The dermis is the layer of skin beneath the epidermis that consists of
epithelial tissue .The dermis is tightly connected to the epidermis by a
basement membrane.

It also harbors many nerve endings that provide the sense of touch and
heat. It contains the hair follicles, sweat glands, sebaceous glands, apocrine
glands, lymphatic vessels and blood vessels.

The blood vessels in the dermis provide nourishment and waste removal
from its own cells as well as from the Stratum basale of the epidermis.

Dermis consists of:
Collagen and elastin: collagen forms the major constituents of the fibrous
proteins which gives the skin its tensile strength.
Elastin; makes up a smaller percentage and tends to be interwoven among
the collagen bundles. These elastin fibers allow the skin to deform and
return to its original state once the pressure or tension is removed.



Ground substance: Consists of salt, water and glycosaminoglycans. It
forms complex with protein molecules known as proteoglycans.
Mast cells: Second major cell type in the dermis, can be found close to the
small blood vessels. They are responsible for the synthesis and secretion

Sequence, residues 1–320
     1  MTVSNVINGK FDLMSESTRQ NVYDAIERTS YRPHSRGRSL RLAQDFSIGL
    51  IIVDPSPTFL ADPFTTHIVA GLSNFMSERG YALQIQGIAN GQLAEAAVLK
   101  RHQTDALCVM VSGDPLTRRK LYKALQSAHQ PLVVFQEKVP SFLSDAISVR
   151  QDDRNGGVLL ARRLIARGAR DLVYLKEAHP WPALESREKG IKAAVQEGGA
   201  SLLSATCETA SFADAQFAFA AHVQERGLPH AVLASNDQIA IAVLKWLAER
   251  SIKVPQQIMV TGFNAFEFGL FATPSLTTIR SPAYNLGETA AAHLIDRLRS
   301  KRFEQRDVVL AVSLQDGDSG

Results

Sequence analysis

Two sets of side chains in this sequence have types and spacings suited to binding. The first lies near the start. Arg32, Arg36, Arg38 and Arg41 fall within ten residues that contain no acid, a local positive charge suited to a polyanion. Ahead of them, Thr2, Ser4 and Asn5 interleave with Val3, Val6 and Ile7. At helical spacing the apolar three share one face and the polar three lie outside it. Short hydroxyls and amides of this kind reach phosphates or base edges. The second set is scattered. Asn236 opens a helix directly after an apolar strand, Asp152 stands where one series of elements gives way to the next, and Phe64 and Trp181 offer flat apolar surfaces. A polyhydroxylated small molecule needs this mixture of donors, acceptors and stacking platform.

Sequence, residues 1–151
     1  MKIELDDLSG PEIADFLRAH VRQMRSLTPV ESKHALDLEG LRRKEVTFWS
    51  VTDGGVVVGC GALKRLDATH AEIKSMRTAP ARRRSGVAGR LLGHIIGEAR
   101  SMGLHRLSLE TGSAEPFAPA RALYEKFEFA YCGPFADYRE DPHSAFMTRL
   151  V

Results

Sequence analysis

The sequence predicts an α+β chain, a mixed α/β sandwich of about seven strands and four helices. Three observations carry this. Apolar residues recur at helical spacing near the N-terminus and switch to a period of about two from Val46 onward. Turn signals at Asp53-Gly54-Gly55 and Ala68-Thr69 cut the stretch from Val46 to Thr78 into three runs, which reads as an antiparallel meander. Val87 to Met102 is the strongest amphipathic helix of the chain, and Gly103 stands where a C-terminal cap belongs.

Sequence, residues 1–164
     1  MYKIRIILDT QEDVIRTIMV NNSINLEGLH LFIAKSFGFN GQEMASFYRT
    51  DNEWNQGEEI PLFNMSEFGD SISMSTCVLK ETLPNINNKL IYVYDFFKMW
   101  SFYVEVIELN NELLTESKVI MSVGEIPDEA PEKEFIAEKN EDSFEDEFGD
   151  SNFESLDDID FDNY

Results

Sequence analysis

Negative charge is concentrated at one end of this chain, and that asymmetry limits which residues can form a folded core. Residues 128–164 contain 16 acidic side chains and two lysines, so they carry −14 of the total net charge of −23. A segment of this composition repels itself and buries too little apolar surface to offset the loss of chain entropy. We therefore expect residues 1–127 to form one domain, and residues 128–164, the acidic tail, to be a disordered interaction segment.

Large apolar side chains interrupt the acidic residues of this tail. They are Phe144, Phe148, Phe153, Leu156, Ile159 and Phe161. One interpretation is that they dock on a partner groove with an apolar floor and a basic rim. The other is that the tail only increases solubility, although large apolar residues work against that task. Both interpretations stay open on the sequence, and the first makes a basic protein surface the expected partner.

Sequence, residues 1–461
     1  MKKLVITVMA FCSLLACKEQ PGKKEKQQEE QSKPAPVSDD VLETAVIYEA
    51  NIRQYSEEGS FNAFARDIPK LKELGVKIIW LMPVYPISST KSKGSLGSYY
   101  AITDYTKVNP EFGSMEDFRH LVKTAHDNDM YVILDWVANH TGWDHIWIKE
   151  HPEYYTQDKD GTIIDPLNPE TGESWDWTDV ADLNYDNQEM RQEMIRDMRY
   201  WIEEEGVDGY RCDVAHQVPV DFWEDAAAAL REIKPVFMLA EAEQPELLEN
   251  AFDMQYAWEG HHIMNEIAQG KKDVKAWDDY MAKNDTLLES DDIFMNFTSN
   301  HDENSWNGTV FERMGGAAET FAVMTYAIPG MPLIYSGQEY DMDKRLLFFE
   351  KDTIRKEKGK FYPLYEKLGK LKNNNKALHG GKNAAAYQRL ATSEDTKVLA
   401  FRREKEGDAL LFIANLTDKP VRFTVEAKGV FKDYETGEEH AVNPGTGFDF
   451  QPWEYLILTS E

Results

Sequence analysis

of heparin (anticoagulant), histamine and prostaglandins, both are
vasoactive substance.

(c) Hypodermis or Subcutaneous Tissue:
• The hypodermis or subcutaneous fat tissue supports the dermis and

epidermis. It serves as a fat storage area.
• This layer helps to regulate temperature, provides nutritional support

and mechanic protection.
• It carries principal blood vessels and nerves to skin and may contain

sensory pressure organs.
• The subcutaneous layer is quite elastic.



Problems related to the skin

I. Dry skin

II. Acne

III. Pigmentation

IV. Prickly heat

V. Wrinkles and

VI. Body odor.



(1) DRY SKIN: Dry skin is an awkward condition set apart by
scaling, tingling, and breaking.
Dry skin is a condition described as absence of water in the
most shallow layer of the skin.
• Dry skin has a low level of sebum and can be prone to sensitivity.
• It usually feels “tight“ and uncomfortable after washing unless some type

of moisturizer or skin cream is applied.
• Chapping and cracking are signs of extremely dry, dehydrated skin.
• It looks dull, especially on the cheeks and around the eyes. There may be

tiny expression lines on these spots and at the corners of the mouth



• The oil glands do not supply enough lubrication to the skin. As a result, the

skin becomes dehydrated.
• Dry skin could be due to a genetic condition.
• Poor diet. Nutritional deficiencies, especially deficiencies of vitamin A and

the B vitamins, can also contribute to dry skin.
• Environmental factors such as exposure to sun, wind, cold, chemicals, or

cosmetics, or excessive bathing with harsh soaps.
• Conditions such as dermatitis, eczema, psoriasis.

Ichthyosis Vulgaris
Allergic Eczema
Primary Hypothyroidism
Heat Emergencies